Thursday, October 04, 2007

BBC talking of a million disenfranchised voters in an autumn general election

I think the BBC has misunderstood the situation with the register of electors.

The register is published in January each year, based on where people were living the previous October. However a rolling register has been in operation for several years now and new people can be added to the register at any time if they have moved house in the interim.

As a local councillor I get an update every month of people who have joined the register in my ward. Anyone who registered before August 10th 2007 will have been added to the register of electors on 3rd September.

Then there is a three month suspension while Electoral RegistrationOfficers carry out their annual checks. The next revision is then in December.

It is not yet two months since the temporary closing of the register.

Surely this mass hysteria about 1 million disenfranchised voters must be challenged, or am I missing something here?

5 comments:

Paula said...

I think its overblown too.. the main problem would seem to be people who have moved, and not realised they can register any time at their new address rather than wait for the forms to come round once a year. There will be some people affected by this but surely if they have moved locally they can simply go and vote at their old polling station. If they have moved a long way, there is still time to apply for a postal. The rolling register does need more publicity though as I suspect political parties will concentrate on registering people seen as "theirs" and the rest will be left not knowing about the possibilities.

Louise Baldock said...

Thanks Paula

Like you I dont want to underestimate the problem and pour cold water on people's concerns, but surely if they are mad keen to vote and worried about their franchise there are ways of making that happen.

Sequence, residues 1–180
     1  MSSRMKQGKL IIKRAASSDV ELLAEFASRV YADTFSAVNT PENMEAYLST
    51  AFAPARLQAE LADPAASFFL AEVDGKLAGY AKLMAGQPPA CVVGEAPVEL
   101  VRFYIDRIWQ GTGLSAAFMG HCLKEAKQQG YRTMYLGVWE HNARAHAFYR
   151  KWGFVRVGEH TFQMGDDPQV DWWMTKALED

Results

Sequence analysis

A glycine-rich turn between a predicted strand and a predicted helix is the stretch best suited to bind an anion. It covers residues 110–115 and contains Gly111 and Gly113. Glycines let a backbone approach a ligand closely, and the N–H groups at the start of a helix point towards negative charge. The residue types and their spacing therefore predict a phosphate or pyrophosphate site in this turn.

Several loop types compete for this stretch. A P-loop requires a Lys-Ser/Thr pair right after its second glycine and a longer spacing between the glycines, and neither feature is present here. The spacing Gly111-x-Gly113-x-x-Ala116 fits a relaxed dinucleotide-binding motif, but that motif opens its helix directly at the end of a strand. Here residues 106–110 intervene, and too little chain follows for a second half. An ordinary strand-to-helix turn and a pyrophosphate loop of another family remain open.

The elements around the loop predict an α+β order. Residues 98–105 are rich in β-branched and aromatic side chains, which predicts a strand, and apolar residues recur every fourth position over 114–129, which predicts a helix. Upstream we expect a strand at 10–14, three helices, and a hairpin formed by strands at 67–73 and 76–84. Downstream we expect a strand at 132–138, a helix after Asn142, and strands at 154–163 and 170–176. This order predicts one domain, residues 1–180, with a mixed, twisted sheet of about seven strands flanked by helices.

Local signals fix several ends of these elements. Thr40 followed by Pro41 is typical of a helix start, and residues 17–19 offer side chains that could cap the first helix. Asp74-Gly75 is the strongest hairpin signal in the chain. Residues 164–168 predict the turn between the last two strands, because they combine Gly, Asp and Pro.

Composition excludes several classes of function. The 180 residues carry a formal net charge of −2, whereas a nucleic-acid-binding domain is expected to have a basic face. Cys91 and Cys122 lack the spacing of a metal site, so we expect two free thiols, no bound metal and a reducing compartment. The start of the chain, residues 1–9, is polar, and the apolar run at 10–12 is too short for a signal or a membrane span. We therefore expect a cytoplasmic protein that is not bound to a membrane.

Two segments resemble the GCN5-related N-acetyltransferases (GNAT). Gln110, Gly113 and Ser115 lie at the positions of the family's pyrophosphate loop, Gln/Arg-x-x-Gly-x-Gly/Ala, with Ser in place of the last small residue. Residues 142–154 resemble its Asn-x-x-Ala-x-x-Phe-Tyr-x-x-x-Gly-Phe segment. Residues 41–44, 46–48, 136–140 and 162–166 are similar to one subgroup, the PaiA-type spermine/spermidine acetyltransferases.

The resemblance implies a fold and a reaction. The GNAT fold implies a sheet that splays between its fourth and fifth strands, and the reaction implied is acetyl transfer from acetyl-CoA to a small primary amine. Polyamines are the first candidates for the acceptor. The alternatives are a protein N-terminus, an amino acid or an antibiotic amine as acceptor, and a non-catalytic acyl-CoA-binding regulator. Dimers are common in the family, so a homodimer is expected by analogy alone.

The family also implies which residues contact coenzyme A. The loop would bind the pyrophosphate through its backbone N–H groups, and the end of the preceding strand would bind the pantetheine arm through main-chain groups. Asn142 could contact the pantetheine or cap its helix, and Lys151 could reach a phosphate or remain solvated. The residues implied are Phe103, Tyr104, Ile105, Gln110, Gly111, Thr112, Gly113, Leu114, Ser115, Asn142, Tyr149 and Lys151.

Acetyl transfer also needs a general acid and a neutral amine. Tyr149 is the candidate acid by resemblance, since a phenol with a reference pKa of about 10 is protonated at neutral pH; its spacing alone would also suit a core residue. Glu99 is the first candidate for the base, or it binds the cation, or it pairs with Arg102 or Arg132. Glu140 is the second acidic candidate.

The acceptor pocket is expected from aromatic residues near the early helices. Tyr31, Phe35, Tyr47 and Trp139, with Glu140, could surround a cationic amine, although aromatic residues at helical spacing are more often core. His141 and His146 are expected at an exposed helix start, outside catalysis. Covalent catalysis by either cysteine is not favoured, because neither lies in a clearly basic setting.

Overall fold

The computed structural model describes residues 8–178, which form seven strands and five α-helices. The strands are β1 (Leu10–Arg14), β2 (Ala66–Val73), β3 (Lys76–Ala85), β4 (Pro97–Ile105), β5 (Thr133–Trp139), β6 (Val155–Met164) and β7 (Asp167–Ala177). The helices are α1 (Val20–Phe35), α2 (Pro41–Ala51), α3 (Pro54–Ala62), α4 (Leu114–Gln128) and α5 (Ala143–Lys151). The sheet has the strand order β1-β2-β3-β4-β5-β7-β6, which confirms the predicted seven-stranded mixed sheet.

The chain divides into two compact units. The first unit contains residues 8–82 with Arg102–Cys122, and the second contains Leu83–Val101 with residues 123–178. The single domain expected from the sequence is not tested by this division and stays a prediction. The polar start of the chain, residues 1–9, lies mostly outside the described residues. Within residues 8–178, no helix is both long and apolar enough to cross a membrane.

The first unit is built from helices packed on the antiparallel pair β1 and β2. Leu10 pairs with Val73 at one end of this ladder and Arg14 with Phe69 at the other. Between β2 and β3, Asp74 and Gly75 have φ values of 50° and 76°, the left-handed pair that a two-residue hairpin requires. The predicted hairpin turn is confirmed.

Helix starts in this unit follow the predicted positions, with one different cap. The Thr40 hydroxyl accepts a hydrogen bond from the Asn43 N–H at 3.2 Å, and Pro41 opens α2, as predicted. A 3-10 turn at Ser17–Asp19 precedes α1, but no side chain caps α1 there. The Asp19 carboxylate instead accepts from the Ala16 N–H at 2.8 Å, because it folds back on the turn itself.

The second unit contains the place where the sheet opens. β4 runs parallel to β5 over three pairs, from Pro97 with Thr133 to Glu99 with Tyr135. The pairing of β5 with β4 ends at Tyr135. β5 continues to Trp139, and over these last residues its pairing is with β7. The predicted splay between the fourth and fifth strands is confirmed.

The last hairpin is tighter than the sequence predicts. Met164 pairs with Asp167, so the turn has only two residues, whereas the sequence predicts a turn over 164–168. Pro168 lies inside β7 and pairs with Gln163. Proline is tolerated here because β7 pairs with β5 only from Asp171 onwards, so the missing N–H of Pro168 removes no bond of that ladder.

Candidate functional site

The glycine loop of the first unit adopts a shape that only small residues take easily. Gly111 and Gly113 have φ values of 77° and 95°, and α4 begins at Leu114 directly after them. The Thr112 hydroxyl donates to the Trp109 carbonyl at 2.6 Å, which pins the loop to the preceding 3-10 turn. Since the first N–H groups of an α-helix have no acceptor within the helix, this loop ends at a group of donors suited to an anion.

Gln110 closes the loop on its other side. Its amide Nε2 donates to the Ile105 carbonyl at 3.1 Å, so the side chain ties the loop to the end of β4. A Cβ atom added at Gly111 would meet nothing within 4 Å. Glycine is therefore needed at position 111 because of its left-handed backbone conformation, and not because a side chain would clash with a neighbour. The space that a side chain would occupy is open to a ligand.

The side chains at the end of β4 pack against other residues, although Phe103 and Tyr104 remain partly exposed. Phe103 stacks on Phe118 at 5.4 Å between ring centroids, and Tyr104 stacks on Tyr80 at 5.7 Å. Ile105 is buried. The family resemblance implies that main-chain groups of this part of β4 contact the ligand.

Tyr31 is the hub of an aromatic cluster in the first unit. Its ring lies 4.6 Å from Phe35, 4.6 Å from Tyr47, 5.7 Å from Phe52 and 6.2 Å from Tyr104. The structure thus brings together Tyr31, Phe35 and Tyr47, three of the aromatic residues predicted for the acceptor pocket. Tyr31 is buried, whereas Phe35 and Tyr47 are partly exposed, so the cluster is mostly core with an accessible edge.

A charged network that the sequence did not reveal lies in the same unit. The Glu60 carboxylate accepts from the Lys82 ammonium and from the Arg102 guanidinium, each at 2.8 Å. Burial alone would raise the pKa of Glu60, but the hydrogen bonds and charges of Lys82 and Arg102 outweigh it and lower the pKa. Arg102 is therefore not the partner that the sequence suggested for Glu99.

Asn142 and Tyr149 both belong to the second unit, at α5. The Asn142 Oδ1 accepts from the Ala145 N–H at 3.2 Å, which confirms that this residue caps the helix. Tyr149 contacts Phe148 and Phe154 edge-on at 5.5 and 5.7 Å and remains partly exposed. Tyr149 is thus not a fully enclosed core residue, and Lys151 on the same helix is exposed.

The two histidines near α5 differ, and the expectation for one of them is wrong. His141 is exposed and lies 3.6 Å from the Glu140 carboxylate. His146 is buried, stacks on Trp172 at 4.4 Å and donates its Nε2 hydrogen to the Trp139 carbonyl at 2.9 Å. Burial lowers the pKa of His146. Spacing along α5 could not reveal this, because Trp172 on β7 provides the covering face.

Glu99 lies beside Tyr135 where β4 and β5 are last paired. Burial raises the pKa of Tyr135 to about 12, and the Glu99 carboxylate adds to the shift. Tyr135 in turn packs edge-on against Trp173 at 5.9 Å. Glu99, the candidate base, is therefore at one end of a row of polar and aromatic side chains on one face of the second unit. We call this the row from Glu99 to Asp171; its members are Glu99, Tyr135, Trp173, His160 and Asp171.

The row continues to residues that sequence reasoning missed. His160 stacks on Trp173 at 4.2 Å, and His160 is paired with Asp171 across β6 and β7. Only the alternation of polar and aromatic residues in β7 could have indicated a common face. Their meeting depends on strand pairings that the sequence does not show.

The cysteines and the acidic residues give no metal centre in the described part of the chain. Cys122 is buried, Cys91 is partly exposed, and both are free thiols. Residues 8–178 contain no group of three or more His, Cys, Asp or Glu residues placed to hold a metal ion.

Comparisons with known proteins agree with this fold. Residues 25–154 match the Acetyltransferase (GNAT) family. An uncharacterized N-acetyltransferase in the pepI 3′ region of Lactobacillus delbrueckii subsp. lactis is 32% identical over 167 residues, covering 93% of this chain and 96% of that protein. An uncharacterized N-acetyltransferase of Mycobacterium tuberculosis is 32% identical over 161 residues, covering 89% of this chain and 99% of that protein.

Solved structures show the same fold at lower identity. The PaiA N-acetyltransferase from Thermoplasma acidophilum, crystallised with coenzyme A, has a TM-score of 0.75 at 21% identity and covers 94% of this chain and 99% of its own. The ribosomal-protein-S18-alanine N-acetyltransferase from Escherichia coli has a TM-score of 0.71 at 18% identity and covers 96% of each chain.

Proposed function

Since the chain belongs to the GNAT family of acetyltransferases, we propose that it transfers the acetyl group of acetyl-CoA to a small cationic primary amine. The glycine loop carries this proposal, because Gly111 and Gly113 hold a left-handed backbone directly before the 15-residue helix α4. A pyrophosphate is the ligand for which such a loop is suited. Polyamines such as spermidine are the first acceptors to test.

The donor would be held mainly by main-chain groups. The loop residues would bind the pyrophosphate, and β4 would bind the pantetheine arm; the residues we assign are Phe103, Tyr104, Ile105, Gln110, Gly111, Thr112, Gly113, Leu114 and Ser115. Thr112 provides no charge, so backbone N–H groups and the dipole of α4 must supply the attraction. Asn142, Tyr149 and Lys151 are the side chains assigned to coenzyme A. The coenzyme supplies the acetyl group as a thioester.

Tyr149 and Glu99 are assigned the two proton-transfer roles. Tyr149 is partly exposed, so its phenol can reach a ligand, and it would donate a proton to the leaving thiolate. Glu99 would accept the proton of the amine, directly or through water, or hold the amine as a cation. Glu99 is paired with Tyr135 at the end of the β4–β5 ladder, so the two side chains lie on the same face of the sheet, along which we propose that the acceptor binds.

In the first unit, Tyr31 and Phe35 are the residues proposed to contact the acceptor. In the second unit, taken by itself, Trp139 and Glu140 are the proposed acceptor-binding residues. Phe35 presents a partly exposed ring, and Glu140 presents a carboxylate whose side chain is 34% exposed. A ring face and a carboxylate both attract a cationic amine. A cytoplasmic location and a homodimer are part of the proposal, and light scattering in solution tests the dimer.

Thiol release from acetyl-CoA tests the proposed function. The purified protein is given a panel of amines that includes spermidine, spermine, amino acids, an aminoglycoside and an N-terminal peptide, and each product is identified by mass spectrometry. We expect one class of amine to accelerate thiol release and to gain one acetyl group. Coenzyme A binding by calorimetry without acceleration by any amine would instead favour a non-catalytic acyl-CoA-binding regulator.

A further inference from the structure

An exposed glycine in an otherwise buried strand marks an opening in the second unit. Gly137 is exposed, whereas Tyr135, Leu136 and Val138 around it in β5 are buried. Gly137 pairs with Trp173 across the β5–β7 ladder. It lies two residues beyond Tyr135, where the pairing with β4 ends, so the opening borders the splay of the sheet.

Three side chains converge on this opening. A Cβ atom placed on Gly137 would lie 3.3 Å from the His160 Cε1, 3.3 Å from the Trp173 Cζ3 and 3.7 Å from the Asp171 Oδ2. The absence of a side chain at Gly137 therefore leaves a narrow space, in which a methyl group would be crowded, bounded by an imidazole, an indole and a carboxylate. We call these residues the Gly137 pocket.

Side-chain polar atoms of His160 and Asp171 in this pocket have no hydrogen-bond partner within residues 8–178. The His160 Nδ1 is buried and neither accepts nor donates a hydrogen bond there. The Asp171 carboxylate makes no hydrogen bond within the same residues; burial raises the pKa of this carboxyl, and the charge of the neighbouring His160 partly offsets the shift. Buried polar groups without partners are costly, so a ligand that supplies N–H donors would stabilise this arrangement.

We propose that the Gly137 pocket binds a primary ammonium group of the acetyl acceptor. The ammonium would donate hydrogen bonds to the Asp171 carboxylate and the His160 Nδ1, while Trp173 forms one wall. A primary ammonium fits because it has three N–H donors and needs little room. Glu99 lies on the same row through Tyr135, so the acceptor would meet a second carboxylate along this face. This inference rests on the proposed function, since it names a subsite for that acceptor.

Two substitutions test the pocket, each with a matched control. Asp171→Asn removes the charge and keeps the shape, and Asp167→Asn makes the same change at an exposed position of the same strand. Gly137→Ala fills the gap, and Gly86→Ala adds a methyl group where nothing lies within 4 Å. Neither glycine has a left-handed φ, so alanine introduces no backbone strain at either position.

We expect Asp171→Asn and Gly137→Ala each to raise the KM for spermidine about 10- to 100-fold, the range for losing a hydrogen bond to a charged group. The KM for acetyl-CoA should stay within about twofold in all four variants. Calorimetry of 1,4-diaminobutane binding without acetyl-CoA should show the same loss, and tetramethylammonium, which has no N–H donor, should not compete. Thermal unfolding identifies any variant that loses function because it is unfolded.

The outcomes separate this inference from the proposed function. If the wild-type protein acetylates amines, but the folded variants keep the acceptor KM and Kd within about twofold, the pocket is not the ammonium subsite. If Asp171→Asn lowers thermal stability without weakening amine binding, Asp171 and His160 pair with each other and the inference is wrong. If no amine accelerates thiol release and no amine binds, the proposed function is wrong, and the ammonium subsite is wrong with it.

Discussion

And in a General Election, any vote cast anywhere in the country will contribute to the national result. Obviously people who have moved to or from marginal constituencies to "safer" ones may feel that their vote is going to count in a bigger or lesser way depending on where they were living and where they are now living. But that is hardly the problem of the elections staff, nor indeed likely to be the reason behind the move.

I think also that you are right to highlight the need to publicise the rolling register much more often. Most people only think about their vote twice a year - when they get their electoral confirmation form each summer/autumn and in the run up to an election.

It is probably only anoraks like us that make sure that we have been registered at our new address while we are notifing everyone else about our move.

I do think this hysteria has been ramped up, surprisingly by the Association of Elections Staff (or whatever they are called) but I really dont see why. Surely the solution ie publicity about the rolling register and about postal voting lies in their own hands?

I am glad I am not alone in this concern.

Harry Barnes said...

I don't know if you saw the following response which I posted last week just before I left home for a few days. I had attempted to respond via this comment box, but my efforts failed at that time -
http://threescoreyearsandten.blogspot.com/2007/10/why-at-least-million-are-missing-from.html

Louise Baldock said...

Thanks Harry, that is helpful.

I didnt know you were the man behind the rolling register, well done, very perspicacious.

We now have a couple of years to get this sorted out. Let's talk to the Electoral Commission and the relevant minister, whoever that is, about promoting the rolling register in future. We could ask Housing Associations, the council, estate agents and solicitors to draw it to people's attention for a start.

Harry Barnes said...

Louise: I have responded to your contribution at my comment box. I hope to put some work into the issue in the future and push it. Thanks.